Edible Flowers: Hidden Farm Gems
Fresh cut flowers are something special — and they’re not just for Valentine’s Day! Did you know that there are plenty of flowers you can eat? Fruits are enjoyed the world over, and are actually the final stage of a flower. However, few people seem to know that there are flowers you can eat just as they are. Here at Moon Valley Farm our fields are plentiful with flowers, and that means more delectable treats for you!
Interested in learning what culinary flowers we’ll be growing, and how to use them in your kitchen? If so, we’ve put together this list of common edible flowers that you can find us offering throughout the season.
Chive flowers are delicate yet crisp. Their scent is sweet and floral, but once crushed they have a pungent chive flavor and aroma. They’re about the size of a grain of rice, but with paper-thin petals and a slightly bulbous base. Many flowers are at the end of each stalk, in a shape called an umbel that resembles a pom pom. Each flower is a pale purple color that really stands out on a plate!
Chive flowers are delicious sprinkled on fried eggs or bagels with cream cheese. They’re also amazing on potatoes, bbq tofu and arugula salads! Anywhere you’d want chives, try chive flowers.
If you’ve never seen rosemary bloom before it can be quite a surprise! This humble kitchen herb, which can almost look like a mini pine tree, sports beautiful purple flowers. Each flower is about the size of a small piece of popcorn. Their petals are delicate and the flavor is a gentler, more refined version of the rosemary leaves we’re all familiar with. The flowers are scattered across each stem, interspersed between the leaves. The best way to enjoy them is to strip them from the stem with your fingers.
Try rosemary flowers in roasted or braised carrots, as a garnish for grilled lamb or on mushrooms and mashed potatoes. You can also stir rosemary flowers into olive oil with salt, crushed garlic and chili flakes. This makes a wonderful dip for fresh bread!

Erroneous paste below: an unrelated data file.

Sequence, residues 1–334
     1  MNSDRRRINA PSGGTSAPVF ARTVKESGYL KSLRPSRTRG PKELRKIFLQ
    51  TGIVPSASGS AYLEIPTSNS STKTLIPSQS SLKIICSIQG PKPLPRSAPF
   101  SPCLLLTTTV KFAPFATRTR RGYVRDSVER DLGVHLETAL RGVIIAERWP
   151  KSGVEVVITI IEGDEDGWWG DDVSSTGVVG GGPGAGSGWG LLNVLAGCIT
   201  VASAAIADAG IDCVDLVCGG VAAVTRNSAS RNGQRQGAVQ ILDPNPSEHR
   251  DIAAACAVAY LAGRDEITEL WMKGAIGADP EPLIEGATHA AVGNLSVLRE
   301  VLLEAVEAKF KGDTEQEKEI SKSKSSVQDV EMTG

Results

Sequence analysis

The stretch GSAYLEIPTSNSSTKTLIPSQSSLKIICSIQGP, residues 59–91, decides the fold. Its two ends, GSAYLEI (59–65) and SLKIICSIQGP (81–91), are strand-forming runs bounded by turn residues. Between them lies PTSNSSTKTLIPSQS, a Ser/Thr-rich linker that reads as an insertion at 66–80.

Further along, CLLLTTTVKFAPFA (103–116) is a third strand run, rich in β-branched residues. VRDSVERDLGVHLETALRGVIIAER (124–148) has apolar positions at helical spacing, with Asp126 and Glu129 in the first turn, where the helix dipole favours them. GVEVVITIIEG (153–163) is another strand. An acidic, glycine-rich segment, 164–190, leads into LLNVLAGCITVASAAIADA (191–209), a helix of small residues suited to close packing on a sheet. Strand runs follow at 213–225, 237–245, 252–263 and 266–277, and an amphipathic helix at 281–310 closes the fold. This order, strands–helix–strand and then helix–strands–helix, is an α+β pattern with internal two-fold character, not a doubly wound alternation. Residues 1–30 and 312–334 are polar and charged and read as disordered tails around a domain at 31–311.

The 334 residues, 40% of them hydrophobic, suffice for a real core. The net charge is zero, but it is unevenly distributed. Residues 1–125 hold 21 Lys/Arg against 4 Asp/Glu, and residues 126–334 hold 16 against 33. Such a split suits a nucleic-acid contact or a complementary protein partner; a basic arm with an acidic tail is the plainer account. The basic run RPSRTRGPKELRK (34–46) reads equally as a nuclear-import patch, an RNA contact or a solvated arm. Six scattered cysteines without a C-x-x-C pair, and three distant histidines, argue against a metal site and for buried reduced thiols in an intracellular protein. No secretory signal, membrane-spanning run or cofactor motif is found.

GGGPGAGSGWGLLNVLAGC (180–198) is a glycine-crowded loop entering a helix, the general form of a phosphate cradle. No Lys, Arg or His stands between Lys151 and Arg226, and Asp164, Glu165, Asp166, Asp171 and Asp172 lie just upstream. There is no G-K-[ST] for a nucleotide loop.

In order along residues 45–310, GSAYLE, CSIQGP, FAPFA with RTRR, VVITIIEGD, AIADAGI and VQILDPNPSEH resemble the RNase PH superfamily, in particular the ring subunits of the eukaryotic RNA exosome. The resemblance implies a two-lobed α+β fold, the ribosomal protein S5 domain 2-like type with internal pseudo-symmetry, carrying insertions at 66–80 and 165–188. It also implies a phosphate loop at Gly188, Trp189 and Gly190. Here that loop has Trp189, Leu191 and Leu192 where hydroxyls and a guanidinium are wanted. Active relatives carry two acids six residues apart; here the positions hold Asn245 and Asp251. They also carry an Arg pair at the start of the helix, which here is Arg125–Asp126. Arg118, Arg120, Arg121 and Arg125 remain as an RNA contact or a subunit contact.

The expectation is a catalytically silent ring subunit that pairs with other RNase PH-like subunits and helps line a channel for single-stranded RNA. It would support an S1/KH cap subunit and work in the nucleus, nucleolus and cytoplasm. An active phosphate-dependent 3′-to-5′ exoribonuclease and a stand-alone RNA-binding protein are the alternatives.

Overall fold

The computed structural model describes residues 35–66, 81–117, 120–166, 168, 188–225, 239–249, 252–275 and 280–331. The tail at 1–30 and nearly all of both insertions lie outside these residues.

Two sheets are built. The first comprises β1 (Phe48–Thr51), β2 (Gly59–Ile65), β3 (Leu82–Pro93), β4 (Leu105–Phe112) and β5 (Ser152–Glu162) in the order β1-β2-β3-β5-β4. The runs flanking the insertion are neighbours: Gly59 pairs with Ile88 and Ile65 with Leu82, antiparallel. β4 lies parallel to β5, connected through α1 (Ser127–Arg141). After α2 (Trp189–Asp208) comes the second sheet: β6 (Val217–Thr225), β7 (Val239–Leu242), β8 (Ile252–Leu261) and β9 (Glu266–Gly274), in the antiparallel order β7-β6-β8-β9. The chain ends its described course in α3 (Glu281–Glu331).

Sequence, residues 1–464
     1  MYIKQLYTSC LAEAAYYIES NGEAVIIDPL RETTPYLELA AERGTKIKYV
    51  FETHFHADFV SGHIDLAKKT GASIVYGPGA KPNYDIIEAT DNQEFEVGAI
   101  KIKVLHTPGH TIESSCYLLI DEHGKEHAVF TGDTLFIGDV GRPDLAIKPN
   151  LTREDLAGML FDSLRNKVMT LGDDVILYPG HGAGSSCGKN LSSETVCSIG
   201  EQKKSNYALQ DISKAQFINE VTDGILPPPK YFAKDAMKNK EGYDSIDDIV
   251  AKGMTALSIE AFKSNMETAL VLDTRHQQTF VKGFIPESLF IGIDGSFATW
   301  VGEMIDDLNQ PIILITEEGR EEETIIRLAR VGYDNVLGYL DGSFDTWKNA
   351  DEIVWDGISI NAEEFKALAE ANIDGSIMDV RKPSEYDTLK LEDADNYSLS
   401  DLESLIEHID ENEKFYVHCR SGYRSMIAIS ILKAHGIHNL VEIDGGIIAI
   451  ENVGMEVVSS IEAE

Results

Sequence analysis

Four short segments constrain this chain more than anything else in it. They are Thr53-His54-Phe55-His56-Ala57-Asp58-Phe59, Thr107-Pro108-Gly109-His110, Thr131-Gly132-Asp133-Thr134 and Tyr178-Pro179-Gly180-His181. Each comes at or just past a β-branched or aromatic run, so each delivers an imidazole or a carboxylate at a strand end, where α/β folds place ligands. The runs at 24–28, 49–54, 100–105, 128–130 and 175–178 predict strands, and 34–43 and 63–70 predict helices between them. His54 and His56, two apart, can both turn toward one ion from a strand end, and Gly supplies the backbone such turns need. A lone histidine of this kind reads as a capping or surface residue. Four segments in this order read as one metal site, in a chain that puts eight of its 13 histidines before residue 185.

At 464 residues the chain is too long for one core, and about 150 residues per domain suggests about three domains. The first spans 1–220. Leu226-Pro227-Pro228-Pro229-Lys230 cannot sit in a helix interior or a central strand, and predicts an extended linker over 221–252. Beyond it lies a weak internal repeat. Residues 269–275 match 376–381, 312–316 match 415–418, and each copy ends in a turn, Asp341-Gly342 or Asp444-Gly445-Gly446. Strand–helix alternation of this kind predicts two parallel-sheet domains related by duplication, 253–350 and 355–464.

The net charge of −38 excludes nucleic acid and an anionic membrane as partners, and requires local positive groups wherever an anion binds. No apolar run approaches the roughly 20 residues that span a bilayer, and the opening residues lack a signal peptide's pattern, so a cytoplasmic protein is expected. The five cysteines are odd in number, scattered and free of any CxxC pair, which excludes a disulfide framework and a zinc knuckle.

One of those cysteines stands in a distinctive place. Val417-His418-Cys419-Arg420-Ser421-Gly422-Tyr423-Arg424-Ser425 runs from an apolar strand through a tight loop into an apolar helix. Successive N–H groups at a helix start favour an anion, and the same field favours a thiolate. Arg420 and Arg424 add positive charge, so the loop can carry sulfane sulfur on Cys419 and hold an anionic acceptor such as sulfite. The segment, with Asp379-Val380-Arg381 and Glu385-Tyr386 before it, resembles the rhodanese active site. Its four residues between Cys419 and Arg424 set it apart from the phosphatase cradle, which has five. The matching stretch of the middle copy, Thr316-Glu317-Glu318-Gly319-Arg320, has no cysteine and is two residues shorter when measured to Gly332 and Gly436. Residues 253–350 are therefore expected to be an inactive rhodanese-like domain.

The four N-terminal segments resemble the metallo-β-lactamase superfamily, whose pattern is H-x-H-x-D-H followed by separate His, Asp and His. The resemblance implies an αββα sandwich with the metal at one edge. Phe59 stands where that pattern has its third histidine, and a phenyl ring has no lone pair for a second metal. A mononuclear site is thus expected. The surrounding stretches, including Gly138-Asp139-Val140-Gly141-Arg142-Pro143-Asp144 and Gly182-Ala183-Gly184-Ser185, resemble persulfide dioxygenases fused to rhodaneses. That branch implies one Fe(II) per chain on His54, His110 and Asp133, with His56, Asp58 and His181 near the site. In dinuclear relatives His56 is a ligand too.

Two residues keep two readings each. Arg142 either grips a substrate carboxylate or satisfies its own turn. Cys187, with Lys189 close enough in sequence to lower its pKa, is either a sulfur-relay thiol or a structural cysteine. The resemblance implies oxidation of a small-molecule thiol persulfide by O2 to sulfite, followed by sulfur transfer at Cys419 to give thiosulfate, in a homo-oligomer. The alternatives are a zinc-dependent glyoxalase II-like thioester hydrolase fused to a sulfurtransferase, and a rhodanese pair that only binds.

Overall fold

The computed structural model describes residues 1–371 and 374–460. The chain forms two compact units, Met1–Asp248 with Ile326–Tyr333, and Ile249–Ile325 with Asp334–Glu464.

Garlic Chive Flowers!
Garlic chive flowers are similar to chive flowers, but they are larger (about the size of a lentil) and their petals are a creamy white with thin brown stripes. Their flavor is a bit stronger as well, with a hint of raw garlic and a pleasant grassiness.
Try garlic chives as a garnish for pizza, baked potatoes, salads or steak. They’re also great on egg dishes and potato salad! Anywhere you want garlic chives, these gorgeous flowers will work wonders!
Each thyme flower is like a mini version of a rosemary flower, and they generally range from white to pink-purple in color. Because of their size, it’s difficult to separate thyme flowers from the leaves. Just like rosemary the small flowers grow interspersed with the leaves on a long stem. Thyme stems are woody so it’s best to strip the leaves and flowers from the stem by hand. The end result is a “salt and pepper” mix of flowers and leaves that are ready to go on your plate!
Try thyme flowers over roasted or grilled mushrooms, baked chicken or sprinkled on your favorite Italian dishes. You can also stir some into honey, and use this as a spread for cheese boards or fresh baked biscuits.
Sage flowers come in a variety of purple-blue hues, and have a strong sage flavor and aroma. They’re similar to rosemary, but a bit heftier and fleshier. Sage bears its flowers on a flower spike that looks almost like a mini Christmas tree. The stem can be tough and fibrous, so it’s best to gently strip the flowers off with your fingers.
Try sage flowers on roasted root vegetables, pork and poultry dishes and light pasta dishes with garlic and oil. These beauties also make a great substitute or addition to lavender flowers in any recipe that calls for lavender!
Garlic scapes are actually an immature flower. They’re picked before the flower opens, while they’re still tender.
Because of their heartier texture and long stem, you can use garlic scapes in place of, or in addition to, garlic and onions in any dish. The texture is similar to thin asparagus. The flavor is like mild garlic cloves with notes of leek and grassiness. Try frying garlic scapes in olive oil for pasta dishes, tossing them in pesto or using them in your favorite stir fry. They’re also lovely in omelettes and quiche!
Mint produces an attractive flower spike with petals that can range in color from white to pink to purple. Some edible flowers are best with savory food, but this one is a go-to for sweet foods. Mint stems are completely edible, and fairly soft in most mint flowers, but it can still be a nice touch to strip the flowers from the stem for garnishing. The flowers are tiny — the size of sesame seeds. The flavor and smell closely replicates the leaves — whether it be peppermint, spearmint or another variety. Flowers tend to be a little less pungent than the leaves though, and offer a more delicate texture that is a nice touch in many dishes.
Sprinkle mint flowers onto fruit salads or ice cream. You can also infuse them into simple syrup for a unique addition to dessert, cocktails or tea. Dropping mint flowers into a glass of still or sparkling water makes for a uniquely refreshing drink! Crush the mint against the sides of the glass a few times for a more pronounced flavor. This works equally well for lemonade!